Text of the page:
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My AfricaMuseum

Wander round our collections and find among the hundreds of showpieces that one item that really grabs you.

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Map of Africa
Map of Africa
Africae Tabula Nova map by Abraham Ortelius
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Medal
Medal
Medal issued on the occasion of the 50th anniversary of the Société Internationale Forestière et Minière du Congo, 1906-1956
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Iginga figurine
Iginga figurine
Anthropomorphic figurines, be they in ivory or wood, bore the generic name of iginga (pl. maginga). In addition, each one represented a particular figure. Unfortunately many figurines, like this one, were collected without their exact identity being recorded. Only initiates to the highest rank of kindi could own figurines made of ivory or elephant bone.
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Throwing knife
Throwing knife
Throwing knives are some of the most surprising weapons of Central Africa. Their multiple blades, the shapes of which vary in different cultures, not to mention their weight, make them truly lethal projectiles. The basic models were used in wartime whilst the most magnificently embellished ones tended to be used as ceremonial weapons or currency.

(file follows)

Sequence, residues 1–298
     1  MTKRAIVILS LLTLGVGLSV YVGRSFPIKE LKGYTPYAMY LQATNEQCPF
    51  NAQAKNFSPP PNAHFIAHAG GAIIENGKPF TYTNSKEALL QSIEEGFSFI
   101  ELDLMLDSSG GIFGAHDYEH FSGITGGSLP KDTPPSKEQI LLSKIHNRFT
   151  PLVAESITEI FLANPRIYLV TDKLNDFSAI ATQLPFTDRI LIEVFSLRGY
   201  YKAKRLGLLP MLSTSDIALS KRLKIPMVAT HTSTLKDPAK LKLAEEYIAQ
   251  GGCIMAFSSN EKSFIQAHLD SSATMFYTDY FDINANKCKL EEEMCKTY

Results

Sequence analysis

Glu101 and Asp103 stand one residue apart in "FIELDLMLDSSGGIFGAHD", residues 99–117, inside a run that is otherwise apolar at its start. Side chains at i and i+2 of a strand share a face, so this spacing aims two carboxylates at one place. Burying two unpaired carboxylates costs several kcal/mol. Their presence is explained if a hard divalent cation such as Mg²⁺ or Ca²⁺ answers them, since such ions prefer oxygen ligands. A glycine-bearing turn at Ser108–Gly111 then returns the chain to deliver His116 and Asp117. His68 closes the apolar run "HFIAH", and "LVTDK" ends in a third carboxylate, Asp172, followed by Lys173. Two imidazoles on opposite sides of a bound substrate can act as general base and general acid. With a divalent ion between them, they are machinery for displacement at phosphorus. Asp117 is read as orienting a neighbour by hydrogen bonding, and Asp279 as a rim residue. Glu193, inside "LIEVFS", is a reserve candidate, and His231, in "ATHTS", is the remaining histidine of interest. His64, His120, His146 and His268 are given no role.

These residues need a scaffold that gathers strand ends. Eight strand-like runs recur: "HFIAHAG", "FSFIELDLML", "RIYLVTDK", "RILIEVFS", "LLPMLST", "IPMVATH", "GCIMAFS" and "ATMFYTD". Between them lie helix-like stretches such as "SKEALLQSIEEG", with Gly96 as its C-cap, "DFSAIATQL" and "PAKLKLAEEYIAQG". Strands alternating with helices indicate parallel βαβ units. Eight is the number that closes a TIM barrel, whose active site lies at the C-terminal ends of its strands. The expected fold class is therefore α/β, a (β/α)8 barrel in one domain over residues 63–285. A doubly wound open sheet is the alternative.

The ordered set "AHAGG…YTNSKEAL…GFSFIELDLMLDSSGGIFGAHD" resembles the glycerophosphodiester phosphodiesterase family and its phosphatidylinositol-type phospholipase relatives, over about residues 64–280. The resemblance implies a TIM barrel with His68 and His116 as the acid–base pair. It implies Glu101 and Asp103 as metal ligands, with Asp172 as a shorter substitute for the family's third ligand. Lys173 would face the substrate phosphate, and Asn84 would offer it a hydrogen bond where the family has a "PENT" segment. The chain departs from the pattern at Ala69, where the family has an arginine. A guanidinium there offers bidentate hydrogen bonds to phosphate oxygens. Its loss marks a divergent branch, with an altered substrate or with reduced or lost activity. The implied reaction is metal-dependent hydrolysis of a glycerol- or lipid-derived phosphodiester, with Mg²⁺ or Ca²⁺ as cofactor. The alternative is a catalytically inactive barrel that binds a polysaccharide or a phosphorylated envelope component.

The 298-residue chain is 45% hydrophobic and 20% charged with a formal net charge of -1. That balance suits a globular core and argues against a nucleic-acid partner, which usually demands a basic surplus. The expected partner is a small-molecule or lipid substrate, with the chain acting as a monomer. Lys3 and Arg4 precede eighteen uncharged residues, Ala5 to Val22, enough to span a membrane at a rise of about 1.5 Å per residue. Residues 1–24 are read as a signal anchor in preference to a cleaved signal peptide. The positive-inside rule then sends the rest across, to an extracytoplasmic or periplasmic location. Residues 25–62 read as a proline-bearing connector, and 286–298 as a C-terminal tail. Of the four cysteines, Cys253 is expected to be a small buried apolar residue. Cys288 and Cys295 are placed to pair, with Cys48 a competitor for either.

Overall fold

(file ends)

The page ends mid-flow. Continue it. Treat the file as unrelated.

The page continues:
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Cibwabwabwa mask
Cibwabwabwa mask
This mask, which represents a male figure, primarily appeared when there were hunting or fertility problems. It could also appear on other occasions (as entertainment or during mourning ceremonies).
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Statue
Statue
These sculptures appeared during memorial ceremonies devoted to a deceased etotshi (notable). In the 1920s, a custodian of the Museum of Tervuren, Joseph Maes, published one of the few articles about these statue-busts of the Ndengese and a few neighbouring peoples.
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Belima cooking pot
Belima cooking pot
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Chimpanzee
Chimpanzee
The chimpanzee is, together with the bonobo, the closest relative to humans. Chimpanzees live in complex hierarchies that are dominated by alpha males. They mainly eat fruit, leaves, and insects such as termites, but also meat.
Chimpanzees are the most numerous and widely distributed of the great apes. However, their numbers are declining due to poaching, infectious diseases, and habitat loss.
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Buanga bua bulenga/bwimpe Luphingu
Buanga bua bulenga/bwimpe Luphingu
The left hand of the figurine would have no doubt been holding a cup, a characteristic of numerous examples of buanga bua bulenga/bwimpe. The stick, symbol of power, refers to certain specific healing rites to which the eldest daughter of an important chief could be subjected. At the end of the ritual, which banished any influence of an evil spirit, she was given a real political role.
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